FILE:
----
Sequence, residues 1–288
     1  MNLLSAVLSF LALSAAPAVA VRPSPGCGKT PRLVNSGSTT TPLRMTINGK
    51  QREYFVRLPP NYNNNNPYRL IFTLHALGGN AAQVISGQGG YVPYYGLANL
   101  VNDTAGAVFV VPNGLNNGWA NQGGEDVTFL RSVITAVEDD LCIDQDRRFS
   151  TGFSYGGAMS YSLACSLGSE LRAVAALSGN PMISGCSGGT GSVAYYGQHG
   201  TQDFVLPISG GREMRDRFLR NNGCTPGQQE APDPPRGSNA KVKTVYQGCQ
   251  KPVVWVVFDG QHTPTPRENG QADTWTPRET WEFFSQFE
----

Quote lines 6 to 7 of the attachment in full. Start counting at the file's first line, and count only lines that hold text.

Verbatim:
   201  TQDFVLPISG GREMRDRFLR NNGCTPGQQE APDPPRGSNA KVKTVYQGCQ
   251  KPVVWVVFDG QHTPTPRENG QADTWTPRET WEFFSQFE